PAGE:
Cons: doesn’t use traditional movement much, heavily reliant on card draw, vulnerable to removal effects, has difficulty crafting, can be hard to reach “hated” status.
Breakdown: The Lizards just want to spread the word about their own good cause amongst the forest denizens, especially those downtrodden ones who are losing hope. So they say. They gain points through placing gardens and triggering scoring in those clearing’s suits. Of all the factions, the lizards are definitely the weirdest one; we haven’t seen them win a single game yet, but we also haven’t played with all the rules changes and are eager to try them! From a mechanical standpoint, these changes seem to fix a lot of what held the lizards back in the first place: that is, being too dependent on the random draw of their cards, using too many without enough effect, and not having enough control over the outcast suit.
In order to place gardens outside of conspiracies, to score, to charge up acolytes outside of combat, and to do pretty much anything, the lizards need to reveal cards from their hands. That means the earlier you can get your hands on more cards the better; if Riverfolk are in play, just pay them whatever they ask for. They’re probably not charging 4 for cards to start, anyway. With the rules changes, all your +draw symbols are beneath your second gardens, so taking an early clearing with two building slots ensures (with proper cards for building) that you can net an early draw symbol. Crafting is difficult for lizards, but if you get the opportunity, take it! The points and aid from a vagabond player are always welcome.
One of the other problems the lizards face is controlling the outcast suit to become hated. It’s almost never worth it (unless you’re desperate and low on options) to spend acolytes at full cost, so save them until the right moment. Keep in mind that overdrawing beyond your hand limit, scoring, and crafting will all drop cards through your “lost souls” pile. In this way, you can influence the balance of the outcast suit without relying solely on other players. We’ve seen it come up tied between suits as often or more than we’ve seen it switch, so with the new rules changes you are far more likely to actually achieve “hated” status.
Finally, with their atypical ability to crop up in nearly any clearing, the lizards are well positioned to achieve a sneaky dominance win. Have a good time knocking on doors and spreading pamphlets!
General Strategy Tips For All
While this article has gone on quite a bit already, the interplay between factions depends heavily on which mix is currently in your game, so it’s still worth noting some general tips to shape your thoughts during play. With that in mind, I present them here in no particular order:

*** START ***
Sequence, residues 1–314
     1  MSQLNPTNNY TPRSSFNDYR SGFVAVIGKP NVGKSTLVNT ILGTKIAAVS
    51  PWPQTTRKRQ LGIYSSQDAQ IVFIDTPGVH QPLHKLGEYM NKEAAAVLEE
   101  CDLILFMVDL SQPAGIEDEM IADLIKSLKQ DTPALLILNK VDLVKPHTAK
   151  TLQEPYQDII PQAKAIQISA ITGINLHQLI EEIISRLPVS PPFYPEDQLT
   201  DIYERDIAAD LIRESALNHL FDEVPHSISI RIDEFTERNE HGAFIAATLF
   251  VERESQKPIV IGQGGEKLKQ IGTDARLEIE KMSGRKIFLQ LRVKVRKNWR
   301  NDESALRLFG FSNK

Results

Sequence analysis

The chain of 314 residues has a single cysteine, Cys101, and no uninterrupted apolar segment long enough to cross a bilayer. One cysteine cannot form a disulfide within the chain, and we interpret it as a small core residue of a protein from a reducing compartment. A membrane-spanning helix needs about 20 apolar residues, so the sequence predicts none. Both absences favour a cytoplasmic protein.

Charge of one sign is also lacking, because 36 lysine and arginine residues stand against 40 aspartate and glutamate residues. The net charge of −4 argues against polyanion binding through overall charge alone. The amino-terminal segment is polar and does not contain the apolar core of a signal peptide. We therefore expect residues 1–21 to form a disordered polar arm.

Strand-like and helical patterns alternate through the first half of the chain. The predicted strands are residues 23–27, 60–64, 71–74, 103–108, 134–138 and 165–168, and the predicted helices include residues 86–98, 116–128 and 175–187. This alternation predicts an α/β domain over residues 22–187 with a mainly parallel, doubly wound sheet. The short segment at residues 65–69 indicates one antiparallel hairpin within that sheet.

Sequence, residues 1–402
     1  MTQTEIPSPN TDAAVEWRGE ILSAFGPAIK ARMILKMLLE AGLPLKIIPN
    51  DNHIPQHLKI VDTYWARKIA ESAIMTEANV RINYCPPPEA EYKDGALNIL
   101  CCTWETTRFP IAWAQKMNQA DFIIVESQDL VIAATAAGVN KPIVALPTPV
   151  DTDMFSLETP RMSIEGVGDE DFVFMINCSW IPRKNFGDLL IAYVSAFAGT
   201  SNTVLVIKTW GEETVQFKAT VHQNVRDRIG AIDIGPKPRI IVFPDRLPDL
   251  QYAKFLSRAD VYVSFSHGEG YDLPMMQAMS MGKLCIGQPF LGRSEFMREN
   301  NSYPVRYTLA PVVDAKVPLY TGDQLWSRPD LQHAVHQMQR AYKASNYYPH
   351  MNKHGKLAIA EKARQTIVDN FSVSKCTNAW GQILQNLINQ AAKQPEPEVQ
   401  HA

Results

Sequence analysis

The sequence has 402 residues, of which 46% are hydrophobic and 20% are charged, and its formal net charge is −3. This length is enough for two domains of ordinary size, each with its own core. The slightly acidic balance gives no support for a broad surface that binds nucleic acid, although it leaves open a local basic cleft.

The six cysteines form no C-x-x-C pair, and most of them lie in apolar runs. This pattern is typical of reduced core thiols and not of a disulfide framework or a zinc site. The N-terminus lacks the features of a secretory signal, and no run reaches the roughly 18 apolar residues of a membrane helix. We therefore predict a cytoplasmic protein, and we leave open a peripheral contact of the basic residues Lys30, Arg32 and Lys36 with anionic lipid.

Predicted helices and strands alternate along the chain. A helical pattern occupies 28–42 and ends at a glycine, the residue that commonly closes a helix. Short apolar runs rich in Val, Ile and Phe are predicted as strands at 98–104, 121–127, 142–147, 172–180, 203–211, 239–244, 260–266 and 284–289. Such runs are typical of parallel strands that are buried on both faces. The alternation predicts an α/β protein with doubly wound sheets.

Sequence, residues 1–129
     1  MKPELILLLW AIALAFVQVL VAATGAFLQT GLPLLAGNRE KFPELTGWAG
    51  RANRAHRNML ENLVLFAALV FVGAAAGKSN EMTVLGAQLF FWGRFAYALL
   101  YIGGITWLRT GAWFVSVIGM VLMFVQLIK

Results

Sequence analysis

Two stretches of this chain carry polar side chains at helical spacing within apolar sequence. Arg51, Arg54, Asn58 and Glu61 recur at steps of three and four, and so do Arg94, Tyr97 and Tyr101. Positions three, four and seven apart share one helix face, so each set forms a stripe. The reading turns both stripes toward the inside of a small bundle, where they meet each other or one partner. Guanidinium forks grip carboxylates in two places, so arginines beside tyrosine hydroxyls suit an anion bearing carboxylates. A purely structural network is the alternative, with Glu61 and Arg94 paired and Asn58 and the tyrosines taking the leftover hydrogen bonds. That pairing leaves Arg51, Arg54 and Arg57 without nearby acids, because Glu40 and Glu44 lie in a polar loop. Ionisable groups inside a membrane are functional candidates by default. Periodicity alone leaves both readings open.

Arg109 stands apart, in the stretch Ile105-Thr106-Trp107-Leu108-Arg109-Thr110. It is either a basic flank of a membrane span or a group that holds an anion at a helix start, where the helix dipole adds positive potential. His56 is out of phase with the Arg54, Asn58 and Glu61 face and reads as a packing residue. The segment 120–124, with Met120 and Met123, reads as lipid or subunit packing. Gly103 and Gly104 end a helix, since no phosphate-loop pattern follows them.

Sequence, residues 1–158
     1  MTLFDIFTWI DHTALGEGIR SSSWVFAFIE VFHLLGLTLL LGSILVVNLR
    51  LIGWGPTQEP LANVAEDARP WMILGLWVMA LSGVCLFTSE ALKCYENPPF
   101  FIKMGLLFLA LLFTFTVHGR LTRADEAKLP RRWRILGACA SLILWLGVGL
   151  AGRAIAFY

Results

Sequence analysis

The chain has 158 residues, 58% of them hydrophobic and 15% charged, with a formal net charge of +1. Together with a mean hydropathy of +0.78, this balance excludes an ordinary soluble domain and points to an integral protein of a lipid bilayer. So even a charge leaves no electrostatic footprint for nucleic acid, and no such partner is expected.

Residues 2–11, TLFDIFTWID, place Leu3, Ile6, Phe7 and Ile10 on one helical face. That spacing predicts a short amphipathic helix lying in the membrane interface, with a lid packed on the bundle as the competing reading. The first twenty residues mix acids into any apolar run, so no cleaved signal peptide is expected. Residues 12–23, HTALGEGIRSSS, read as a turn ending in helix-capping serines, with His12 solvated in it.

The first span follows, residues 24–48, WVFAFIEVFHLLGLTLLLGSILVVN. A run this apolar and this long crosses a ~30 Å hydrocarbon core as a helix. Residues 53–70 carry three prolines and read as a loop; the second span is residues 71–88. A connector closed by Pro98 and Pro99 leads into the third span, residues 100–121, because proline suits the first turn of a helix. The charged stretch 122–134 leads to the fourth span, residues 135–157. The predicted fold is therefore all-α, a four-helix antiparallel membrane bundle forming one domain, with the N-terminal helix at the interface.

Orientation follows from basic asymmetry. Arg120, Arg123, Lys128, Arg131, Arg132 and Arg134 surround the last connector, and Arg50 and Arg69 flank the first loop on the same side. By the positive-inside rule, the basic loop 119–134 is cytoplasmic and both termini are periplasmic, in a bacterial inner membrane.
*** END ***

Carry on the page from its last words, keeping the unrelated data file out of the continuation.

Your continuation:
• At the outset, consider the factions selected for play. If two “large army” factions are present, their clash will probably dictate the basic flow of the game. On the other hand, if only one large army is present, you’ll have to ask yourself who is going to balance them out. The Alliance may have to revolt earlier than they’d like just to get a base and warriors on the board. The Vagabond may need to go hostile earlier. You should always question if you’re letting a particular player run away with points unopposed.
• Don’t just bash the leader. Obviously if someone’s pulling away in points or is about to win via dominance, you need to bring them back in line. But too often this can simply lead to whoever is in second place waltzing into a win instead. It may take a couple of games to get the hang of, but you need to keep an eye on at least the second place player as well.
• How long has it been since you attacked the Vagabond? No one likes to do it, but someone will have to. Unless you are planning on rushing a win before the Vagabond, you’ll have to confront the raccoon in the room eventually. Don’t see it as losing an action and resources. Look at it as an investment to slowing down the player who’s going to pass you eventually. Before “quick, bash the leader” comes up.
• Draw, draw, draw. Cards are power, no matter who you are. Granted some factions need them more than others, but it’s never a bad idea to get as many cards as you can.
• You can’t hold everything. And you shouldn’t try. You will overextend and back yourself into a corner if you try to play this game like a traditional wargame. Prioritize and ask yourself what you can do to get the most points. Sometimes losing tokens from the board gives you more opportunity to put them back on and earn more points again. Remember that, as the Eyrie, you can also go into turmoil if you don’t have enough warriors to fulfill your recruit actions, so getting some killed can be a very good thing.
• Table talk is a real thing. Other reviewers have said it already: other people can do more to you collectively across their turns than you can do alone on yours. Again, if you try to play this like a straight wargame, you will probably lose. Make alliances. Make deals. More so than several other games I’ve seen, the mechanics here lend themselves very well to forging deals and giving each other aid. It’s a political wargame at heart, so if you’re not taking advantage of that, you’re not making the most out of your situation. Some factions, like the Riverfolk, benefit heavily from reminding other players about all the good things you can do for them.
And above all else, have fun! This game tells a story, so enjoy the tale. I’ve seen games of great warring armies and the disillusionment around the fringes of the conflict. I’ve seen stories of shadow wars and people disappearing in the night. I’ve seen tales of utter devastation that have left our forest devoid of life for whole clearings in any given direction. The best thing you can do while perfecting your strategy is to watch your own stories unfold and see how your choices affect the dynamics of the games you play. You’re at your best when you’re open to what the game has to offer, and you’ll have a better time while taking it all in. It’s worked for me, and I hope it will work for you as well.